Home > More Than 100 City Vacant Lots Adopted

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The City of Pittsburgh's "Adopt-A-Lot" program has reached a milestone, with more than 100 lots adopted since the program was launched in late 2015.






The Adopt-A-Lot program, developed as part of Department of City Planning's Vacant Lot Toolkit, was created in a collaborative process to allow residents a streamlined approach to accessing city-owned vacant lots for food, flower, or rain gardens. In an effort to productively use vacant city-owned lots, the program has three goals: foster neighborhood interaction, re-imagine the potential of vacant lots, and encourage environmental awareness.

In the first two years, 40 community projects have transformed a total of 114 vacant lots.

"The program is constantly evolving to adapt to what residents want,” noted Shelly Danko+Day, Open Space Specialist and Urban Agricultural and Food Policy Adviser at DCP, adding that there are hoop houses being installed on one project to extend the growing season, while another, initiated by a refugee community group, has adopted 35,000 square feet for a food and market stand garden, while others include neighborhood compositing projects.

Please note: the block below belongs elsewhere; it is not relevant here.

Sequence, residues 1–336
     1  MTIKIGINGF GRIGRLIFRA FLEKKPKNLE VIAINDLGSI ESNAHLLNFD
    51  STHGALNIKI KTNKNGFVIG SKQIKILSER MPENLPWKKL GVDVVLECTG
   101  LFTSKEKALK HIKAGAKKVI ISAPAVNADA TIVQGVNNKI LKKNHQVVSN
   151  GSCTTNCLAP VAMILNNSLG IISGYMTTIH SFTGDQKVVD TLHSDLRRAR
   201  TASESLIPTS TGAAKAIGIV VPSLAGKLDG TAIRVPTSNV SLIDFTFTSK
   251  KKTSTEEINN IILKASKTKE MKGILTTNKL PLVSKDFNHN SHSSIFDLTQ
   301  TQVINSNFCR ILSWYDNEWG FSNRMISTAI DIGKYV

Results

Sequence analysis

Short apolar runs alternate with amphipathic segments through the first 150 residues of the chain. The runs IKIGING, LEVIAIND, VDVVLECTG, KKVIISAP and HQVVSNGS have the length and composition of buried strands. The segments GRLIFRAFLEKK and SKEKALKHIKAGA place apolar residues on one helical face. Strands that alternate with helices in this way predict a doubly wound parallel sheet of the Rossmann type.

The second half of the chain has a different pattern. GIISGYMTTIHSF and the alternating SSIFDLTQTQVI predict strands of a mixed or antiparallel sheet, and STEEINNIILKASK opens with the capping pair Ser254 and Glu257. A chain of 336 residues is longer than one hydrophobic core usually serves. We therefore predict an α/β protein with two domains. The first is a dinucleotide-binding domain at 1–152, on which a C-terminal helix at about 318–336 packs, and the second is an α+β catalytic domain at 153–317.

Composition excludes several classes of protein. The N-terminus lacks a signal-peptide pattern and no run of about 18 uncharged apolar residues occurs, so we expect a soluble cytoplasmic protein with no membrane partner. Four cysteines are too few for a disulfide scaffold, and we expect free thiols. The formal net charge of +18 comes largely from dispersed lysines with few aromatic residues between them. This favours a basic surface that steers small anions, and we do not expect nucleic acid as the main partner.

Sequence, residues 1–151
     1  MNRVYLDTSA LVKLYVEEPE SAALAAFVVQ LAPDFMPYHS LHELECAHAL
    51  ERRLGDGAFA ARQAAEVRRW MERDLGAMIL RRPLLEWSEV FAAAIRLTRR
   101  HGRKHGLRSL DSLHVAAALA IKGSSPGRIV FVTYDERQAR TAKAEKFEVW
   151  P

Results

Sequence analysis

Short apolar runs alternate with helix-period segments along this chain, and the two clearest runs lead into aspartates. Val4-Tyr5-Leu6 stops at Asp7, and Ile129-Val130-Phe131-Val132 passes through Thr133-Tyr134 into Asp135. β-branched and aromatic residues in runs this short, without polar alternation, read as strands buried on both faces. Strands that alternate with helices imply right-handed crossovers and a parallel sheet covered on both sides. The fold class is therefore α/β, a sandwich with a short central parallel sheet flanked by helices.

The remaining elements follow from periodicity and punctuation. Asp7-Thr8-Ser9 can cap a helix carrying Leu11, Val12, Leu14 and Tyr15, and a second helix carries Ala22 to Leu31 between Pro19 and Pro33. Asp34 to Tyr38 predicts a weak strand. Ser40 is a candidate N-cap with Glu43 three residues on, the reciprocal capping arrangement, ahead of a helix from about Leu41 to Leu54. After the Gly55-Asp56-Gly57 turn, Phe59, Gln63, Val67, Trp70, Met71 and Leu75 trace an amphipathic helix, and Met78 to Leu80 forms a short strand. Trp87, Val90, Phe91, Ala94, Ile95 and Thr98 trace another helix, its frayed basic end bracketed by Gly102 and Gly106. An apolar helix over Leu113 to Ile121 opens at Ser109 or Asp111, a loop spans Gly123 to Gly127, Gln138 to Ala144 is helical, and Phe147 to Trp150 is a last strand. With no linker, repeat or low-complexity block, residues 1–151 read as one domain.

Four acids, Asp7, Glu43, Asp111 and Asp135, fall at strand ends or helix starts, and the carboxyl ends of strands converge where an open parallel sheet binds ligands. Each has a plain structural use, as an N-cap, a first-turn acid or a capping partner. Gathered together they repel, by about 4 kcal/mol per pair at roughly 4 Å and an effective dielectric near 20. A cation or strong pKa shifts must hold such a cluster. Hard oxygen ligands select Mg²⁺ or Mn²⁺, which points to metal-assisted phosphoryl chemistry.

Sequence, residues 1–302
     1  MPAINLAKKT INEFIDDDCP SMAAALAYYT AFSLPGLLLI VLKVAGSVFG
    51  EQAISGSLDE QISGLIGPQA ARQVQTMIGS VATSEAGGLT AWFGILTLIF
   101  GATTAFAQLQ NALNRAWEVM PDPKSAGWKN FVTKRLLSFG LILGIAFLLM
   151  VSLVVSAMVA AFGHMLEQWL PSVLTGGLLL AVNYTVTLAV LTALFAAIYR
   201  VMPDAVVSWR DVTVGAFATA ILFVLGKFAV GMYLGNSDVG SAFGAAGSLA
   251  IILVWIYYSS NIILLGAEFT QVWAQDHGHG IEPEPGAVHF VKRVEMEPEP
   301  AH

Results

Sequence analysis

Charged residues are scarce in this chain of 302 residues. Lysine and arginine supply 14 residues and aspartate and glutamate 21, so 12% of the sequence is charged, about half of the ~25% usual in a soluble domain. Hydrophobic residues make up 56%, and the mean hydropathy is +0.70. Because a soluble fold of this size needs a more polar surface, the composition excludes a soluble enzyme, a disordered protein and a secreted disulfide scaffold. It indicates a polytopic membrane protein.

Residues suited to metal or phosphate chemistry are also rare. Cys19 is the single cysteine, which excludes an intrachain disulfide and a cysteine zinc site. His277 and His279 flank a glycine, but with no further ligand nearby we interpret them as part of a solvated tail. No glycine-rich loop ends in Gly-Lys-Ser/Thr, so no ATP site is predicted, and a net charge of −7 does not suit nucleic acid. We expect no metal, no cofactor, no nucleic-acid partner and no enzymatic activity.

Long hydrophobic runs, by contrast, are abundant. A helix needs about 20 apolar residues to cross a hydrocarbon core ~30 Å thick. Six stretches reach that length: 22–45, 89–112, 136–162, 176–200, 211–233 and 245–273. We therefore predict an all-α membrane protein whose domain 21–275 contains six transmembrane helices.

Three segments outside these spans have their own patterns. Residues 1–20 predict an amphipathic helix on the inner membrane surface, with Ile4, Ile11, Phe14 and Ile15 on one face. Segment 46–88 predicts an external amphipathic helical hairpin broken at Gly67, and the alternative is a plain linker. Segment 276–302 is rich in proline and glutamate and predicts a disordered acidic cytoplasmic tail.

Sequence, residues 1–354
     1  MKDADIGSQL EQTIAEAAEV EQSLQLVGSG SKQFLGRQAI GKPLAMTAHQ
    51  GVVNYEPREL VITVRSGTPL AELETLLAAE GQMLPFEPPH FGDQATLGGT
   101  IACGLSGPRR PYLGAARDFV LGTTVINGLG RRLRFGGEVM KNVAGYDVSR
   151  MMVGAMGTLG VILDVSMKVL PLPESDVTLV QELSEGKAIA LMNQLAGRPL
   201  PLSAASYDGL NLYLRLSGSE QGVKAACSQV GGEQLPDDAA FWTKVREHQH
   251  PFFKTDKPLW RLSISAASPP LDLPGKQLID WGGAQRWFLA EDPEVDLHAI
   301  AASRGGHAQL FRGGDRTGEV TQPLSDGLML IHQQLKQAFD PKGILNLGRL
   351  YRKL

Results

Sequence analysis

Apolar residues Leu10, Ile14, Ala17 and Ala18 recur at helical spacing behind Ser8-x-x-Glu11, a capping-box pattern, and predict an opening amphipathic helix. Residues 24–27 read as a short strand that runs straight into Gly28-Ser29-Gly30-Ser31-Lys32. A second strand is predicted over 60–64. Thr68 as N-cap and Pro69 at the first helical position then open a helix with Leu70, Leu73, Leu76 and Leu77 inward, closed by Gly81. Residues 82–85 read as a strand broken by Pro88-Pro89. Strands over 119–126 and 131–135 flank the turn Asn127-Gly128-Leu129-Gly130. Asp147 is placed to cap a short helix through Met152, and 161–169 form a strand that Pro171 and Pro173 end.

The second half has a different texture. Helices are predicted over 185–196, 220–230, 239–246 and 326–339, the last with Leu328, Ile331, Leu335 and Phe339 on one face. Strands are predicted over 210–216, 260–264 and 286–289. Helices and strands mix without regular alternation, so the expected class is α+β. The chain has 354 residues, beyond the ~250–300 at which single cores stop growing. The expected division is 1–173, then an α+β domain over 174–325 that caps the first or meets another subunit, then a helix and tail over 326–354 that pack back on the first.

A key goal of the program was to create more long-term access of city-owned lots for farming projects. Currently there are 23 projects in Adopt-A-Lot 3-year leases after completing their first successful year of stewardship. The success has prompted the URA to create a parallel program called "Farm-A-Lot" which will allow commercial farming projects on a subset of its property portfolio.

With better weather returning, residents and community groups interested in adopting city-owned vacant property should complete an intake form online at http://pittsburghpa.gov/adopt-a-lot/intake-form.html 


You can find the Vacant Lot Toolkit here http://apps.pittsburghpa.gov/redtail/images/1760_VLTK_FINAL_10-28-15.pdf

For more information about the Adopt-A-Lot program, contact Shelly Danko+Day at 412.255.2287 or shelly.dankoday@pittsburghpa.gov

(Photo: Allegheny Mountain Lot, Brighton Heights. Credit: Department of City Planning)

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